I asked some members of the #writingcommunity what they’d like me to research for this month’s Writer’s Corner, and this came up as a problem someone was struggling with. I know, I know! Most of us have the opposite problem, having to trim our verbal outpourings and kill off our darlings left, right and centre.
This particular author’s debut novel, released last year, is a quick read but a highly satisfying one, and it’s done very well, thank you, including winning prizes. They’re concerned, however, that their new release is too short for its genre and are there ways to fix this without ruining the whole thing? For those of you worried about the same issue, here are ideas to help. And I would add that it’s worth a read even if that’s not your problem, because some of the ideas here apply to all of us.
Do you need to fix it?
The first question to ask if you think your novel is too short.
Genre word ranges are flexible, although there are rules of thumb. Epic fantasy is unlikely to fly if the word count is 50k. Similarly, a romcom at 100k is a tad on the overload side. It seems that around 65-70k is a nice, safe minimum target across most genres, apart from children’s. So, assuming you need to add a few thousand words, what can you do about it?
Image by Angela Yuriko Smith from Pixabay
As a first step, take a close look at these elements:
Without describing every teaspoon in the cutlery drawer, are you giving your readers a sufficient sense of place? Sometimes, especially when writing dialogue, it’s too easy to have our characters talking in a vacuum. Or to have action going on with no indication of where it’s taking place. Small touches, such as a mention of curtains blowing at an open window, of a view beyond that window, or of the gloss on the table where the speaker rests their coffee cup, all help to ground the reader in the world you’ve invited them to share.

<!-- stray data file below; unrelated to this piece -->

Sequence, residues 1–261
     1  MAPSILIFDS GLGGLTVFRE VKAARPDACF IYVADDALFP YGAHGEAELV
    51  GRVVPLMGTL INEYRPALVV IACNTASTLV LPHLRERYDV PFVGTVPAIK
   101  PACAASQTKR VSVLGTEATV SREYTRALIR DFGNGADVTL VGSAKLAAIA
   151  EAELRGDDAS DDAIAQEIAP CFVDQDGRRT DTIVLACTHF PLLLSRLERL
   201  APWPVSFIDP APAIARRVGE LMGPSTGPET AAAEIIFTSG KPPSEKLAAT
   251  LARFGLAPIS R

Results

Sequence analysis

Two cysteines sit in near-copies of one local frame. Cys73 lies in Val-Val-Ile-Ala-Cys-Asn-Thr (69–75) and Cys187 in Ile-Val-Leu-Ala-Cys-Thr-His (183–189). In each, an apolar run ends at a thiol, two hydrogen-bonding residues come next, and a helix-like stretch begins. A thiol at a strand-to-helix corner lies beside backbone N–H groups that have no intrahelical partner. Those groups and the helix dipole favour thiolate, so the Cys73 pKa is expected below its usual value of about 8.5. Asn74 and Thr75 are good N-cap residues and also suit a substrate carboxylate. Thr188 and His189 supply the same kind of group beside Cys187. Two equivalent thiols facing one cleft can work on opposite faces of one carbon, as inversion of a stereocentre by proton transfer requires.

As well as reviewing dialogue to ensure it’s not too abrupt, make good use of action beats which can be phrases or even whole sentences. These stand in for ‘he said’, ‘she said,’ or no dialogue tags at all. They not only add words, but help the reader see the character, what they’re doing, how they’re reacting in the situation.
Character back story
We are, wisely, advised not to information dump our characters’ lives to date, but there may be elements we’ve been too skimpy on. A little extra might help the reader follow the character’s development over the course of the story. Was there a specific incident which explains a lot? Have we dealt with it too cursorily?
All of the above is fine, so what now?
If you’re still short, perhaps you need more scenes, which will need to fit in seamlessly and not look as if they’ve been stuffed for the sake of word count. They must do their job as scenes on their own merits.
A good way to start is by examining your novel structure. There are many templates and much advice out there about how your story should progress. Personally, I use a rule of thumb of major turning points at about 10%, 25%, 50% and 75%, with the first section being the introduction of the characters and their dilemmas, and setting the scene.
Have you rushed the beginning? Perhaps you could take more time on the set up, without the dreaded information dump.
The ending might offer opportunities too. Do you have subplots where you only hinted at their resolution? Now might be appropriate, near to the grand climax, to put them properly to bed.
A further opportunity for additional scenes can also work to create heightened tension and hence faster page turning: have the character(s) fail to get what they want the first time round, or have to struggle more to do so. Make them suffer! Readers will love it, once the suffering is over.
Finally, review your secondary characters and their stories. Can they be fleshed out more? Can their links with the main plot be deepened through additional action and hence scenes? Are the threads sufficiently interwoven so these stories actively support the main plot and are seen to do so at the right time?
Check the basics of scene, dialogue, and character back story
Add in more scenes to
– better ground the reader at the beginning
– create more problems and tension
– resolve sub-plots
– build out secondary characters and their importance to the main story.
And have fun!
To read more about how to write effective dialogue, click here.
Find out how to create characters readers love in this post.
Making sure your scenes are the best they can be? Find help here.
There’s a new writing tip in each month’s By the Letter, so if you’re not signed up to my mailing list already, take a look here.